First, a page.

Reviews

Fiction Review by Karen Schindler

Colette Maitland, Keeping the Peace (Windsor: Biblioasis, 2013). Paperbound, 240 pp., $21.95. Keeping the Peace

In her short fiction debut, Keeping the Peace, Colette Maitland presents us with nineteen stories set on her home turf of small-town Eastern Ontario—in and around Smiths Falls, Kingston, Brockville—with focus on the girls and women who live there. An interweaving of characters throughout the stories, not uncommon in short fiction collections, might suggest an emphasis on community. However, Maitland’s light hand with this—the way a character from one story drifts through another in such a marginal way—serves to underscore her interest in her characters’ insular struggles.

The females in Maitland’s stories are all wrestling with something—grieving, in denial, neglected, lost. Her protagonist is either tackling a current impossible situation—such as shopping for a car to replace the one a son was driving when killed in a prom-night crash—or she’s been trying for years to move on from the past, one that might include a teenage-self in the bathtub, a drunken father, and an unlocked bathroom door. Maitland’s women are stuck—paused on thresholds. (It’s a theme the author subtly emphasizes by ending a handful of stories with a character literally at a doorway.) Can they find escape? love? vision? a way to get un-stuck? In the best of these stories, the answers aren’t explicit.

Reading this collection, it’s easy to be reminded of Alice Munro’s analogy of a short story being more like a house than a road, where you go inside and explore the rooms, “wandering back and forth and settling where you like.” Munro’s story-as-house metaphor works well here. Maitland manages to create a “what do I see?” momentum, rather than “where is this going?” She’s also good at creating tension-filled actual rooms for her readers. In “Children at Play,” it’s an upstairs bedroom at an annual Hallowe’en house party, where just-out-of-high-school Chrissie is nursing her baby while an ex-boyfriend lingers in the bedroom doorway and her lost-cause husband’s drunken voice drifts up from the backyard. In “Faith and Joy,” it’s the office of the town doctor, where thirty-eight-year-old Faith lies supine on the examination table while her seventy-year-old doctor, who’s known her all her life, assesses her post-partum body and pointedly avoids her post-partum mind.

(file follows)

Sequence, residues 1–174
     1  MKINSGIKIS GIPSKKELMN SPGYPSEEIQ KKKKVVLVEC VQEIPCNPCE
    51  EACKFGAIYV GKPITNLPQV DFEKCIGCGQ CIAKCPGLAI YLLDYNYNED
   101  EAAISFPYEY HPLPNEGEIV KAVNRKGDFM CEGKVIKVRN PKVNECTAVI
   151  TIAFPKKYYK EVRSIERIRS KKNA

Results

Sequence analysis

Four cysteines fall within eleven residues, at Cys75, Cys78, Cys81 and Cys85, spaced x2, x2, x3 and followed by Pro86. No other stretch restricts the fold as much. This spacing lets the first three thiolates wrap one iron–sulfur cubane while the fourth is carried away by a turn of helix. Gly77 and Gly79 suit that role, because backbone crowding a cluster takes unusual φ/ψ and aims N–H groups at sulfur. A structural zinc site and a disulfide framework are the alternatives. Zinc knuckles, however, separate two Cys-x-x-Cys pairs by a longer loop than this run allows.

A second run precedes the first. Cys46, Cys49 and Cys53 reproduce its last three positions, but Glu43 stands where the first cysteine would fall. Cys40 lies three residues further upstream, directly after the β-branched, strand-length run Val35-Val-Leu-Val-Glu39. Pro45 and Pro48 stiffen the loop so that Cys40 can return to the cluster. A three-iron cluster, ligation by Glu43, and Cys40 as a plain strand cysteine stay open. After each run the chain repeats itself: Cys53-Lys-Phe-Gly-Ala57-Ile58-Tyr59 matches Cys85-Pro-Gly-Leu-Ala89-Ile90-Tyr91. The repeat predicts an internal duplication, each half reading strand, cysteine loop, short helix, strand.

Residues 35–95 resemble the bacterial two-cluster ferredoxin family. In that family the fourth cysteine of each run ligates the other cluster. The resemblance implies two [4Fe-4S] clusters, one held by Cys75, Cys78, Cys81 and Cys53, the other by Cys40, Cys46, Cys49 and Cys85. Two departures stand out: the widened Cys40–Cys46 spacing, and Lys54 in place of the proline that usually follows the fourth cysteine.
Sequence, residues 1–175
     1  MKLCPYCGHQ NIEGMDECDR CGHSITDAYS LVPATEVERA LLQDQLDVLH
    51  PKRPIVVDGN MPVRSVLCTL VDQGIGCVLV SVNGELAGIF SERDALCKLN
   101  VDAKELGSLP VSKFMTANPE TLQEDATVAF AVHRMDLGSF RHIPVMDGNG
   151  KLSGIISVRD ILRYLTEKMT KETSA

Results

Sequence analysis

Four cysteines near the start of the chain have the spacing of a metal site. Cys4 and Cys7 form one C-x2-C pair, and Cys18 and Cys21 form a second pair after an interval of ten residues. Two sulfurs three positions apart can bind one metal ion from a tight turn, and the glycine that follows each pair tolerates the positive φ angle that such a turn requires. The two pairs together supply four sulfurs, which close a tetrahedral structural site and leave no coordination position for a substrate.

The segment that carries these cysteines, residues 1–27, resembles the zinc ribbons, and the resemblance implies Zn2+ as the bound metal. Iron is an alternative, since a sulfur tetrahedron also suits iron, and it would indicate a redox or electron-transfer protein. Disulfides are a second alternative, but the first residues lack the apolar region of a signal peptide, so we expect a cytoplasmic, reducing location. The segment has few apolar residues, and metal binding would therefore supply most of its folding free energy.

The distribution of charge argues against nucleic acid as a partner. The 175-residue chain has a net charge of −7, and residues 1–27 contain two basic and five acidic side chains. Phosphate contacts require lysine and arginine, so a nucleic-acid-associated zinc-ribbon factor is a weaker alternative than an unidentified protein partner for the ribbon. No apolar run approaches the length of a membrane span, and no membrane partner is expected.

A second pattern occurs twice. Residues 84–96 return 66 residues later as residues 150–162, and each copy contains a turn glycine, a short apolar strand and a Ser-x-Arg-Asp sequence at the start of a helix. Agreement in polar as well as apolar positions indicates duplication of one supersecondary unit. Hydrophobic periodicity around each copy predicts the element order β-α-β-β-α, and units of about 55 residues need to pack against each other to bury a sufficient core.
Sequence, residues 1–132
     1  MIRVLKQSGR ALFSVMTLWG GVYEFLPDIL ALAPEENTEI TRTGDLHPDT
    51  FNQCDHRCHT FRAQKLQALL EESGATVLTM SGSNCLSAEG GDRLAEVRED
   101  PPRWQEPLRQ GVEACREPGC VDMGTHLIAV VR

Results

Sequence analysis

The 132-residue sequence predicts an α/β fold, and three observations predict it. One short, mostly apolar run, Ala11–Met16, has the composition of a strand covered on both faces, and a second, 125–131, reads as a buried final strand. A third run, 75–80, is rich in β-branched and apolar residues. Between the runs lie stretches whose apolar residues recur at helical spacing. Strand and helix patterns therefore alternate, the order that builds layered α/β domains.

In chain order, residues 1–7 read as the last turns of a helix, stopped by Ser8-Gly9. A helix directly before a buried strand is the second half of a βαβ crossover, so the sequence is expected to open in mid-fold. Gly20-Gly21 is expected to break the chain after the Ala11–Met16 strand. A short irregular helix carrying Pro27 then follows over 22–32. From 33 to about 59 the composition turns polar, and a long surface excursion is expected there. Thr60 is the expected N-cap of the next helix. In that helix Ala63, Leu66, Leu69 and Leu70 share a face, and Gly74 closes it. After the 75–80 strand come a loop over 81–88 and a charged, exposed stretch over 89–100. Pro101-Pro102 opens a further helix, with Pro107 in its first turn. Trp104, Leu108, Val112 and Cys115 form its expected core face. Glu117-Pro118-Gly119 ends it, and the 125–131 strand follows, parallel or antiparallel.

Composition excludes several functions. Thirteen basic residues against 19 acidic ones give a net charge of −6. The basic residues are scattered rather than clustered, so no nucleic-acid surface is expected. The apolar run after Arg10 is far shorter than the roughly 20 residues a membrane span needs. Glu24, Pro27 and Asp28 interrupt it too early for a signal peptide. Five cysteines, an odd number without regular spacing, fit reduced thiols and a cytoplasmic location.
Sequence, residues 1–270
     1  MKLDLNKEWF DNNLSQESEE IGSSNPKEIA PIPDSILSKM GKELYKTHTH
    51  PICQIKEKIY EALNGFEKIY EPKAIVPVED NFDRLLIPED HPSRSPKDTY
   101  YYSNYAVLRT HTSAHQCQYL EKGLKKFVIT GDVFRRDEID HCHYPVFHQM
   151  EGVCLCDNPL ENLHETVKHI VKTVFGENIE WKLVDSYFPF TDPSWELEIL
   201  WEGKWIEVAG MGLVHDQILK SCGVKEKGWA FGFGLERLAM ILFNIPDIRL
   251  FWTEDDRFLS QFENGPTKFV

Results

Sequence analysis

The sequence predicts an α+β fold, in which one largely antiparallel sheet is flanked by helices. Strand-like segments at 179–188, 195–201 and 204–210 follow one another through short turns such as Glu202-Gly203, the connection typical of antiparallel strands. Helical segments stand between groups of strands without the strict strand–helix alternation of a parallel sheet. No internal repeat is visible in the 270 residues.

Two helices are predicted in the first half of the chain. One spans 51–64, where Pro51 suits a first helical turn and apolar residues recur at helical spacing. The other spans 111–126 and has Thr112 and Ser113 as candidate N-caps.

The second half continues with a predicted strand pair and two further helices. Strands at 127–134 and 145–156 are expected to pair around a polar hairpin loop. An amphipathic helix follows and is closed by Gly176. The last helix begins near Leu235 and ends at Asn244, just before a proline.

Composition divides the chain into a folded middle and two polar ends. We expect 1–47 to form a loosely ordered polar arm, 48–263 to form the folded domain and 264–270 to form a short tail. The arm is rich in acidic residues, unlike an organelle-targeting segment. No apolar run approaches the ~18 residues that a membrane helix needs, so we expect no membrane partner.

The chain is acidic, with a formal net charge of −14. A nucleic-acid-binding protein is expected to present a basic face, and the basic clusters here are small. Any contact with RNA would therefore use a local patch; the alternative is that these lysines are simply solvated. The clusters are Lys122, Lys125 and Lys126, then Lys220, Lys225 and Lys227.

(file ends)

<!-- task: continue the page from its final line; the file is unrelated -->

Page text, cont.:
In addition to scene setting, Maitland also displays a knack for handling endings. Yeats said that a poem “comes right with a click like a closing box.”  Although the Yeats quote does not necessarily refer to a poem’s conclusion but rather to the writer knowing when a poem is finished, the metaphor extrapolates well to short fiction endings. It addresses both the need for there to be some sense that the story has been brought into concord as well as the idea that this should happen when we haven’t quite finished checking out every corner of that box. More often than not, Maitland nails this elusive “click.” A couple of her less impactful stories feel like they have overly-orchestrated conclusions, however, these are in contrast to more subtle presentations such as “Catch and Release.” In this story, pregnant, stay-at-home mom Gail is talked into a girls’ getaway at a fishing lodge with her ex-addict cousin, Lou. Upon return from their soul-baring weekend, Lou takes it upon herself to stir the waters of Gail’s marriage, as Gail is unable to confront her husband with her suspicions of infidelity. The closing scene, in an upstairs bathroom, is one of morning sickness and confession, and ends with this: “Gail closes her eyes for a moment. Resting her cheek against the cool lip of the toilet bowl, she listens as the tank refills with water until the sound of the water rising stops with a satisfying thunk.” The “thunk” provides a solid, corporeal, “swallow hard and move on” closing, nicely tying in to water-related themes of pressure, drowning, and surfacing, but also adequately oblique. It manages to leave the bathroom door ajar for us.

A similarly effective “click” (more like a buzzing in this case) can be felt at the end of the title story. In “Keeping the Peace,” Sybil, single mother and military widow to soldier Martin, relocates to a smaller town to shift the wayward course that her fourteen-year-old daughter seems intent on following. As Sybil begins work at a new casino, daughter Gwen finds a job at a local motel, which brings its own set of temptations. The closing scene involves a return to a more innocent dynamic between mother and daughter, with Gwen crawling into her mom’s bed: “Sybil’s gaze is drawn up and over Gwen’s shoulder, to the urn that sits atop her dresser—Martin’s remains. And not for the first time, she imagines a miniature Martin trapped inside there like a genie, waiting for the right set of hands, the perfect string of words to set him free.” The tensions within and between mother and daughter, in abeyance but not gone, are concisely represented by a very-much-alive vibrating presence in the urn. At the same time, the closing image refocuses our attention, giving new weight to Martin’s presence throughout the story. It’s a fine execution of Yeats' “coming right."

—Karen Schindler

As in The Malahat Review, 185, Winter 2013, 101-102

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